We subsequently distinguished the policy language in Consolidated Edison from that presented in Matter of Viking Pump, Inc. and held, in the latter case, that the presence of noncumulation and prior insurance provisions "plainly contemplate that multiple successive insurance policies can indemnify the insured for the same loss or occurrence" and, therefore, require all sums allocation (27 NY3d at 261). Such provisions are inconsistent with pro rata allocation because "the very essence of pro rata allocation is that the insurance policy language limits indemnification to losses and occurrences during the policy period," such that no two insurance policies indemnify the same loss or occurrence absent overlapping or concurrent policy periods (id.).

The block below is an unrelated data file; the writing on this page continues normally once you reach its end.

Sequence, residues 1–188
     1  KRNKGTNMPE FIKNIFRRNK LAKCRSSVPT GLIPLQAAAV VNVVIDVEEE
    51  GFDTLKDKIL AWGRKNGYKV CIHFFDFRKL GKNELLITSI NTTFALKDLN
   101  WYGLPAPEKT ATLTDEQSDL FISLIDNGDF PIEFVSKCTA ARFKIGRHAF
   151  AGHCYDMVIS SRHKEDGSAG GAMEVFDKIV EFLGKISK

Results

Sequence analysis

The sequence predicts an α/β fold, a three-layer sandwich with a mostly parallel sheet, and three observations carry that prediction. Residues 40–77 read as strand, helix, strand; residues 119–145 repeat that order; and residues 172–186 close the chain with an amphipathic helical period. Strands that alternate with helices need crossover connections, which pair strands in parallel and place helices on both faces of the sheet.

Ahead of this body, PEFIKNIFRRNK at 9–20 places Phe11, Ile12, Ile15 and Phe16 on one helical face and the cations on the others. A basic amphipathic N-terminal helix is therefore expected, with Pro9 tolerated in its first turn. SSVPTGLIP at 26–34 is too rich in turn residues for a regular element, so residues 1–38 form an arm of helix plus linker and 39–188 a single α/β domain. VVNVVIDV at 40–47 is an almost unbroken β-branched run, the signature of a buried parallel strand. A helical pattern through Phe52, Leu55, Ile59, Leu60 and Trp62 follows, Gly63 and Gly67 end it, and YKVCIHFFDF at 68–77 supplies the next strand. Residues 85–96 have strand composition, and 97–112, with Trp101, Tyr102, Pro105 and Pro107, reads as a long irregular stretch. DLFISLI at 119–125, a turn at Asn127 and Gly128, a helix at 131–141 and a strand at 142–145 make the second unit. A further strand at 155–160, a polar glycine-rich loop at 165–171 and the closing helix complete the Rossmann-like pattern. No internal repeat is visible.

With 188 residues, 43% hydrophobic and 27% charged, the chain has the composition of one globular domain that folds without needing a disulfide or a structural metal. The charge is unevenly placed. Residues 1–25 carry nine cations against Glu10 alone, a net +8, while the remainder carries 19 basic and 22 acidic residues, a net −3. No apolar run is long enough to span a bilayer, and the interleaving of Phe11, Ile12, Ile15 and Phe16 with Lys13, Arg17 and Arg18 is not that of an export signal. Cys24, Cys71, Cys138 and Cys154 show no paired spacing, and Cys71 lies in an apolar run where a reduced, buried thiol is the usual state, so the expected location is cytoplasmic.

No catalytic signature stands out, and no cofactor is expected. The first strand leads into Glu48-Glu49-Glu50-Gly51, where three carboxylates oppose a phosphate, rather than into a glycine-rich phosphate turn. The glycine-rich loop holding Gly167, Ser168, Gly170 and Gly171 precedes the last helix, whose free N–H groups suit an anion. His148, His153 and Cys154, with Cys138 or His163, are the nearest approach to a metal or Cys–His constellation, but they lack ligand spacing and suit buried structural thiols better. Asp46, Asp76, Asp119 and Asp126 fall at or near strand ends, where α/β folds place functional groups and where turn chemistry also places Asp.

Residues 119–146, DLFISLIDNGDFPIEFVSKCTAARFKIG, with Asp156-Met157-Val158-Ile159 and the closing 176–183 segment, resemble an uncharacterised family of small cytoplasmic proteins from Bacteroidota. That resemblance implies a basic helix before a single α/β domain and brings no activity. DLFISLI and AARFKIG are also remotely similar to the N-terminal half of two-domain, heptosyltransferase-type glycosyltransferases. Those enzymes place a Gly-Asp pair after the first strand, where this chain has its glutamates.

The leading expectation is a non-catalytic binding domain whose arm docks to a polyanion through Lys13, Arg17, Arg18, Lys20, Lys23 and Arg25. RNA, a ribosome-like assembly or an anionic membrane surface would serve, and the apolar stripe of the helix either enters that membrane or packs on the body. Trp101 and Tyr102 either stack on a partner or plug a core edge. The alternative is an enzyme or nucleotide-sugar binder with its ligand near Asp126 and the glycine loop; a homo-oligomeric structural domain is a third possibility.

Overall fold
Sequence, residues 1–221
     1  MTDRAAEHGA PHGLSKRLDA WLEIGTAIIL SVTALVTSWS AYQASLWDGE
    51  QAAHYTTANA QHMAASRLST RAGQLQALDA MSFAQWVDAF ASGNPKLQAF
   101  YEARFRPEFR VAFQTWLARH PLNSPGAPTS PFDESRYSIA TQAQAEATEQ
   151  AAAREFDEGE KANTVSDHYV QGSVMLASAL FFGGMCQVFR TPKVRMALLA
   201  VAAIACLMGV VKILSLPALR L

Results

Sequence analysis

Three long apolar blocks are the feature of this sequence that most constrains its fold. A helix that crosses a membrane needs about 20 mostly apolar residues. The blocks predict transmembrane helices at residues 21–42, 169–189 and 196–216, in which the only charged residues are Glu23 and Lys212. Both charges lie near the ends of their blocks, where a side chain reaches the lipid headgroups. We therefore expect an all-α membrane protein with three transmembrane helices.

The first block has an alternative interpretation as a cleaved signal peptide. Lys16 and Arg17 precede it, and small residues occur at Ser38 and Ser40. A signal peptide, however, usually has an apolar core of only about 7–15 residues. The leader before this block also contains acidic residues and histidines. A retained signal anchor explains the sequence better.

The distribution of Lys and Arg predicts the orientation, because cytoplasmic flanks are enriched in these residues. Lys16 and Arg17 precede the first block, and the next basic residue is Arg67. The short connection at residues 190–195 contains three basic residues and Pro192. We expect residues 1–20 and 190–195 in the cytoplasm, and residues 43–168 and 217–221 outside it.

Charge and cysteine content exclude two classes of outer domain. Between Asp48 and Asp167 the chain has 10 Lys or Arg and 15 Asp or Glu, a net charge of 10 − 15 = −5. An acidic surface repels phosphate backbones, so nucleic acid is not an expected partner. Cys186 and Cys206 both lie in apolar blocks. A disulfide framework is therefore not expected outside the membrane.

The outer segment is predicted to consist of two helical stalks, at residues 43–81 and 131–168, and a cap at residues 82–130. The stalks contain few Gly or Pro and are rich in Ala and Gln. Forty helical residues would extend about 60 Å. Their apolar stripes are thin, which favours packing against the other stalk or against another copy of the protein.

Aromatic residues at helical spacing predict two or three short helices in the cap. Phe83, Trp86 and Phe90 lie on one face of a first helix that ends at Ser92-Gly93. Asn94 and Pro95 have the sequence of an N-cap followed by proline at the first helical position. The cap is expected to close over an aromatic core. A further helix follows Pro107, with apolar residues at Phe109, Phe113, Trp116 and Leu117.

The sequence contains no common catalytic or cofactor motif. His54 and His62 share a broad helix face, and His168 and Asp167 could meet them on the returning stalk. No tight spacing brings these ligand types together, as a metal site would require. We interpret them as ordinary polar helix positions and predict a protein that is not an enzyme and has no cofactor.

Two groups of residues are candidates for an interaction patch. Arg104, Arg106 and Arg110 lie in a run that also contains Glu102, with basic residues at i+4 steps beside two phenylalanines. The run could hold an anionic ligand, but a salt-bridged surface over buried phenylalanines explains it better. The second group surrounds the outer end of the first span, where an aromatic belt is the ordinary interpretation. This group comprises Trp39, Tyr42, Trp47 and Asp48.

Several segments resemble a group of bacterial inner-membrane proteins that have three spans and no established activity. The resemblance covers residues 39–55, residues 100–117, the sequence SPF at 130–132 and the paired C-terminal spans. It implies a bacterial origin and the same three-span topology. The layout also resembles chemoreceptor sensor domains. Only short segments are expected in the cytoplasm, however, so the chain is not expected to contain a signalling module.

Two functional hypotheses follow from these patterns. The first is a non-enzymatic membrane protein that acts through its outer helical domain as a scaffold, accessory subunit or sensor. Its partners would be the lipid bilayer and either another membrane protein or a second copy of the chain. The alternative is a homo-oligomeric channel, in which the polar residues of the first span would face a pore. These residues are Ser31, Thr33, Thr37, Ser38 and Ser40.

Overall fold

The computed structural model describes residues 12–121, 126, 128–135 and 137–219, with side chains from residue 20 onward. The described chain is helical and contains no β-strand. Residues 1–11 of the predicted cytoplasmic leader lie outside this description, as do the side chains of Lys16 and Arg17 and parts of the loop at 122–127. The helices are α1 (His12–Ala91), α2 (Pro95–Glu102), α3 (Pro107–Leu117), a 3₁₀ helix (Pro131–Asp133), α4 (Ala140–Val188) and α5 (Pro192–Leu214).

Where policy language indicates allocation by the pro rata method and gaps in coverage exist, the question arises as to which party — the insurer or the policyholder — bears the risk for periods of time in which no applicable coverage was in place. While "most courts engaging in pro rata allocation require the policyholder to participate in the allocation to some extent" with respect to periods of non-coverage (Boston Gas Co. v Century Indem. Co., 454 Mass 337, 370, 910 NE2d 290, 315 ), courts are divided with regard to whether a policyholder should be held responsible for those periods of time when the relevant coverage was not offered for sale on the market.